Boredom and Banality - Renaissance Society of America, Berlin (March 26-28, 2015)
Boredom and Banality - RSA Berlin (March 26-28, 2015)
The banal—that which is seen to lack any originality—is often considered both an undesirable and uncritical quality in an artwork. This negative interpretation can be partially attributed to the avant-garde preference for the 'new' and a modern valuation of art based in the art market. Likewise, the experience of boredom in viewing an artwork—where a lack of interest dominates the viewing experience—is seen as the mark of artistic failure. Boredom, however, can act as the impetus to both art's production and its contemplation. Similarly, it is the repetitious nature of the banal that often connects a work to a larger artistic oeuvre or tradition. Upon close analysis, the concepts of boredom and banality betray a complex, often complimentary relationship to notions such as attentiveness, affect, imagination, and meaning.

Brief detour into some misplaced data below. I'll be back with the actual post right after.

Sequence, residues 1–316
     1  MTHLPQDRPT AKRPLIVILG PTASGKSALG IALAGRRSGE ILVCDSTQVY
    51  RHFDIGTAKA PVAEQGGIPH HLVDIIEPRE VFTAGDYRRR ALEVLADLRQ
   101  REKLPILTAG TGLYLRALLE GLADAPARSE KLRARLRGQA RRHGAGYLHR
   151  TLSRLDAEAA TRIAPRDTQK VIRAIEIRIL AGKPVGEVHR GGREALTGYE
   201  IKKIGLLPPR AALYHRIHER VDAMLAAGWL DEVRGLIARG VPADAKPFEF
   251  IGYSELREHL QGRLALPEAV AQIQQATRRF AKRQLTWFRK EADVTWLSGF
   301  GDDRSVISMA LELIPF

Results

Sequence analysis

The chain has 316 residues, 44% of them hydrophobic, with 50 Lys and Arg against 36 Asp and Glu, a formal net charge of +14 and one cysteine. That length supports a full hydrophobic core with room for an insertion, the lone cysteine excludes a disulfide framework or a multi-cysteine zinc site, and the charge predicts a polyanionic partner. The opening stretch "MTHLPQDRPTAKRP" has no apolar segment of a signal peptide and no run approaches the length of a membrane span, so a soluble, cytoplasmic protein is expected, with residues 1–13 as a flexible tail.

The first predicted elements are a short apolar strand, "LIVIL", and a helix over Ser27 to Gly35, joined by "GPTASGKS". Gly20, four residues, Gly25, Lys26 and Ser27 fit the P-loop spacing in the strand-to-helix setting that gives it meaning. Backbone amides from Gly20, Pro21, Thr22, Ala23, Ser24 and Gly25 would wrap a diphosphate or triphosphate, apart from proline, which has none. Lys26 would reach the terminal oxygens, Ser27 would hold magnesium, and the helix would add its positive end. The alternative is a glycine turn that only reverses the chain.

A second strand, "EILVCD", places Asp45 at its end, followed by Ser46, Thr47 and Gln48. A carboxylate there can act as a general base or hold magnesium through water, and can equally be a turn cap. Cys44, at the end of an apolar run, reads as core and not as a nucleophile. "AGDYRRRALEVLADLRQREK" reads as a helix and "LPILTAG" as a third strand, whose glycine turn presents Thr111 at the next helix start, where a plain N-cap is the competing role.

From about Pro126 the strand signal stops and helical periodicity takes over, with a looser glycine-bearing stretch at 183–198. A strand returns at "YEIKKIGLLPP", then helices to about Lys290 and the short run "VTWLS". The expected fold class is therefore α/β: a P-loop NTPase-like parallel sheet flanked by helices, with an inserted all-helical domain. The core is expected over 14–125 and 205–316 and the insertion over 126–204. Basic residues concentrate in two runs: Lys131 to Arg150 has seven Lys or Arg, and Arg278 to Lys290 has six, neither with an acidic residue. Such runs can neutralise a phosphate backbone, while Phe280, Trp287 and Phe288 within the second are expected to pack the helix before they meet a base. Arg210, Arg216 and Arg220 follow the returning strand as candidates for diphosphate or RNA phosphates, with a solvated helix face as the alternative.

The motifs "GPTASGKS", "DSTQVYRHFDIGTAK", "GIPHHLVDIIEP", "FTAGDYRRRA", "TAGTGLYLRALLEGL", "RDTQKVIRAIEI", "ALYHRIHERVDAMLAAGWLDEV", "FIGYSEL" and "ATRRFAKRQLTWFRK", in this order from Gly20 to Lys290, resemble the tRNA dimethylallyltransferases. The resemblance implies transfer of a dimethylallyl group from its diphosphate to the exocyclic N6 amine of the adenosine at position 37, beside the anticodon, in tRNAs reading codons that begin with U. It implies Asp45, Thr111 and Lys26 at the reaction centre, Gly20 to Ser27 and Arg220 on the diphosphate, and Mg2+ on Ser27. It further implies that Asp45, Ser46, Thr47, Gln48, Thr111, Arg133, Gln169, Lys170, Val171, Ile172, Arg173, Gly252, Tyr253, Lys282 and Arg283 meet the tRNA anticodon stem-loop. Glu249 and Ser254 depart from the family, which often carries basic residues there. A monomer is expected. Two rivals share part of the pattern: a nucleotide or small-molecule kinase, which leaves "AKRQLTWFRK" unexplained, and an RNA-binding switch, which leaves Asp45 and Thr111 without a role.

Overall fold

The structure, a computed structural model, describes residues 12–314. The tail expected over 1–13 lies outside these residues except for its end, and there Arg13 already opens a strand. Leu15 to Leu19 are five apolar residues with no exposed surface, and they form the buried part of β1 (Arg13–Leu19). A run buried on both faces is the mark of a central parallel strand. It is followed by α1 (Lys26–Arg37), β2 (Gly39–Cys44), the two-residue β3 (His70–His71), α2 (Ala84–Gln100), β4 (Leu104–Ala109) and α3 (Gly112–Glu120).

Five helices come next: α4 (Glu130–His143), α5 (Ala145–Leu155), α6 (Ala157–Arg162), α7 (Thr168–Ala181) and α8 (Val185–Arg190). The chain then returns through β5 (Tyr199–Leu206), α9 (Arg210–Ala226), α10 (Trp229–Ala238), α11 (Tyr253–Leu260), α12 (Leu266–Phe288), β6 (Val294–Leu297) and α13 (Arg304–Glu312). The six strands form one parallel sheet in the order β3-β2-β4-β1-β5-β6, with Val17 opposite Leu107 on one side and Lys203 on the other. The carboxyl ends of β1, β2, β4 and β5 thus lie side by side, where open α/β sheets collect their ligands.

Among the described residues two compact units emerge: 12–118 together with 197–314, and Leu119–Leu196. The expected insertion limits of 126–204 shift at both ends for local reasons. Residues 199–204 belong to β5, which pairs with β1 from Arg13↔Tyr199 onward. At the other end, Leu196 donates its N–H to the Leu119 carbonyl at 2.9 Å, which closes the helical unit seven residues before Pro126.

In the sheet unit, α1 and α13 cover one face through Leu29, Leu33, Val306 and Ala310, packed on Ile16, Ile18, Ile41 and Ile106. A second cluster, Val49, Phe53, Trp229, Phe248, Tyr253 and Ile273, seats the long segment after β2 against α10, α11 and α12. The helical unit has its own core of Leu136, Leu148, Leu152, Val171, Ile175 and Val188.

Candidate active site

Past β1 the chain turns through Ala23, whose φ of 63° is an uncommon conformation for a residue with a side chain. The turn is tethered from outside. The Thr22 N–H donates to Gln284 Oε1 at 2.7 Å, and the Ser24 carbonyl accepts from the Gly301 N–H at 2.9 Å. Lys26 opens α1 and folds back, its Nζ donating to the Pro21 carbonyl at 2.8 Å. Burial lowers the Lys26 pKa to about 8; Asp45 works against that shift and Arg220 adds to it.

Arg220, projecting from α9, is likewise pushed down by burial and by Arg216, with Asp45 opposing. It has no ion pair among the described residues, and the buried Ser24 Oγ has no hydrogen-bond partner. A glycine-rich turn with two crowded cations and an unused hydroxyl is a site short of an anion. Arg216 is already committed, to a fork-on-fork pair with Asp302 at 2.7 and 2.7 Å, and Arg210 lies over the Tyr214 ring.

From a reconsideration of Dutch realism to the exploration of Renaissance and Rococo ornament, recent theoretical interventions have begun to reevaluate boredom and banality as potentially resituating or broadening our understanding of the role and experience of art. We invite proposals for papers that consider art and its production and experience in the early modern period in relationship to the terms of boredom and banality, and the related concepts of the copy, repetition, melancholy, and the commonplace.
Please send your paper title, abstract (150-word maximum), keywords, and a brief CV (300-word maximum) to Heather Muckart and Lisa Andersen at email@example.com by June 3, 2014.